Supporters of President Donald Trump climb the west wall of the the U.S. Capitol on Wednesday, Jan. 6, 2021, in Washington. (AP Photo/Jose Luis Magana)

Capitol Riot: It’s Not Who We Are

Capitol Riot: It’s Not Who We Are

By Jody Cramsie

It was a day of weeping, sorrow, horror and disbelief.

We, participants in one of the world’s great democracies, were engulfed in chaos, violence and disregard for our sacred foundational principles and values.  It is not who we are supposed to be.

In a democracy, we claim to believe in the supremacy of the people to choose their leaders through the vote. Inherent in that is the assumption that some will win. Some will lose. We agree to that because we don’t know beforehand which side of the line we will land. We agree we will accept the results. When they favor us. And when they don’t. It is who we are supposed to be.

The foundational documents of the United States, the Declaration of Independence and the Constitution, are remarkable. They do not bind us by common ancestry, language, class, wealth and status (Although there is a legitimate debate to be had about the specifics of that.) But rather, it was an idea – or a constellation of ideas – that bound a group of people. And those people wrote it down. That matters. It may be unique in human history.  And it is to the ideas and ideals immortalized in those documents that we swear our allegiance. Within those documents there is no place for violence, or a refusal to allow agreed upon procedures to go forward, or a world of alternative facts favoring only some of the people some of the time. It is who we are supposed to be.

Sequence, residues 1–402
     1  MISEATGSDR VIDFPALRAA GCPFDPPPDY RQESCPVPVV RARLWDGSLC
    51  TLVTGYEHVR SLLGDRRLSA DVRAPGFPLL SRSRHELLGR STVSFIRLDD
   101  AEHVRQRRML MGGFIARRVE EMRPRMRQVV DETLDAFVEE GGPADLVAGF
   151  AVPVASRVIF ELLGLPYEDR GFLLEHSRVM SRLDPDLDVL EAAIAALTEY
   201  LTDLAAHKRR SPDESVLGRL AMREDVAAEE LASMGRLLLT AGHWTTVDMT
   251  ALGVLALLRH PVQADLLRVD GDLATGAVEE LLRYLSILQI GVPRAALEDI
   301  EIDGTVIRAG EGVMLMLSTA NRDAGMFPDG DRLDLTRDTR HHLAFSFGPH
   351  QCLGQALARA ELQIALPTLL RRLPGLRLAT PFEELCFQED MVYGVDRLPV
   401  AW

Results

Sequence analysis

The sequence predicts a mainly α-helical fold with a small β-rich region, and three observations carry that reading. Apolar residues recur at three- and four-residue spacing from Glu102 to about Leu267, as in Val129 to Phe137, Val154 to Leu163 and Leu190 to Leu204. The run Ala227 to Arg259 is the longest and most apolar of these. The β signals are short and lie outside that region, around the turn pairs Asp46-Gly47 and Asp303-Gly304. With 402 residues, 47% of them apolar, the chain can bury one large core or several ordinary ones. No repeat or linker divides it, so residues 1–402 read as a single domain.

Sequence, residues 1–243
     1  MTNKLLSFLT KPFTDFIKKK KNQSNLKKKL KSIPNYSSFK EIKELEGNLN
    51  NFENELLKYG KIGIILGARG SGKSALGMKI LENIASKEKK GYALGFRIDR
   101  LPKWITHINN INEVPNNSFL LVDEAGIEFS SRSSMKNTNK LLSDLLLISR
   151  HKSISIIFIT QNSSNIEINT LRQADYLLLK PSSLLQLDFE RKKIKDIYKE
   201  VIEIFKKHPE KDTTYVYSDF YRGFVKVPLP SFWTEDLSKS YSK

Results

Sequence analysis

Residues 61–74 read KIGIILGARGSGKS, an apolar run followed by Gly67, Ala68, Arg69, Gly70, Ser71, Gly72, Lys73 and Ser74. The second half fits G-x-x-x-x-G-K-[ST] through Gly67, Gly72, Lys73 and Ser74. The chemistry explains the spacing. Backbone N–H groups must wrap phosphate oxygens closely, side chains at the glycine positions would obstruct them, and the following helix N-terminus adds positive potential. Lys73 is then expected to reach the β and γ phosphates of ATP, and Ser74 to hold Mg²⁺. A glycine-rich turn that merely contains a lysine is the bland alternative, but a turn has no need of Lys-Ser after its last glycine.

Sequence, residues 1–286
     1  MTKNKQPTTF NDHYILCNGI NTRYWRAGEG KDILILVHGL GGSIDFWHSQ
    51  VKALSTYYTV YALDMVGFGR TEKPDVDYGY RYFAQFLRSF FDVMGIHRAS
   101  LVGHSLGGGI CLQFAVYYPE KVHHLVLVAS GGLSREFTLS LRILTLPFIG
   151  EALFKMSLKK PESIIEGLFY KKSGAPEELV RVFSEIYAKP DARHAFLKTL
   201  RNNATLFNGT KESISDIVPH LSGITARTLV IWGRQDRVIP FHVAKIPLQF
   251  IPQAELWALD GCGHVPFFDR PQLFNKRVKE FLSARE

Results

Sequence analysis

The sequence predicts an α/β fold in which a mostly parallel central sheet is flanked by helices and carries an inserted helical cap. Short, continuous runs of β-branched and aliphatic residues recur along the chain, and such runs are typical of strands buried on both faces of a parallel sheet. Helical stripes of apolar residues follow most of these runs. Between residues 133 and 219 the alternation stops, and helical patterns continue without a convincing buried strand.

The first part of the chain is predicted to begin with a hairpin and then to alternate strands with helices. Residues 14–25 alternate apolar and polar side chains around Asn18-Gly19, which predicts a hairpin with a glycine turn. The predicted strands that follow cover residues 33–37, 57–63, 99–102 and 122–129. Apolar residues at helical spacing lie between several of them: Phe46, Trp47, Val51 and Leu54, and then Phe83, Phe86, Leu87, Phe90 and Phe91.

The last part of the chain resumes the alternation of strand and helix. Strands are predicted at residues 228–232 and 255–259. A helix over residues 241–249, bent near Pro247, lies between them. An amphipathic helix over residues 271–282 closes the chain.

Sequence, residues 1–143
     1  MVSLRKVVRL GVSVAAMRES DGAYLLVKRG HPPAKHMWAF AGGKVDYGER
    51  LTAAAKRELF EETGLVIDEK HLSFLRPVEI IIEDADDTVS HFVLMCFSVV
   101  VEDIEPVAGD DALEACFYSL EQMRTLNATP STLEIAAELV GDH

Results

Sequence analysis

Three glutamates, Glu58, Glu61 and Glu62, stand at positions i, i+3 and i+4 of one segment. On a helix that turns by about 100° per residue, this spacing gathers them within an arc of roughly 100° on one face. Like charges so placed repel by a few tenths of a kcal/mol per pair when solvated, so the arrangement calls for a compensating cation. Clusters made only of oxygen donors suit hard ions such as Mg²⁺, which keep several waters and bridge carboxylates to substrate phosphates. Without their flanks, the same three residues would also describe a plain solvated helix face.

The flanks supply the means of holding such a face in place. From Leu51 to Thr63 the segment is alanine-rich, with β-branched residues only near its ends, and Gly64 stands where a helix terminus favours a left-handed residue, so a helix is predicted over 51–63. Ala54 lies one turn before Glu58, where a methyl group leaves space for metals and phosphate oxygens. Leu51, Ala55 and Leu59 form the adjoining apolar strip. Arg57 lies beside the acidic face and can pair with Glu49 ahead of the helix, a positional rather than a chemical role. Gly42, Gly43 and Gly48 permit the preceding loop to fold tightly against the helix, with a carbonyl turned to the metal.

If ideas have merit, put them forward and fight for them within the bounds of our society. But imposing those ideas at the end of a gun or any other type of violence is not only anti-American, it is an admission that your idea is weak, perhaps meritless. It’s unpleasant, and difficult, to acknowledge that. But our system allows for you to pursue those ideas in an appropriate manner, the same manner that constrains your ideological opponents. It is who we are supposed to be.

Please. Do not burn down our – and your — country out of disappointment and anger. That is nothing but nihilism. It is volunteering to participate in a circular firing squad. It is not who we are supposed to be.

As Americans, remember who we say we are and what we say we stand for in history. We can’t just talk (or tweet or post) the talk. We have to walk the walk. We’ve done it before. We can do it again. If we want to be who we are supposed to be, it’s not optional.

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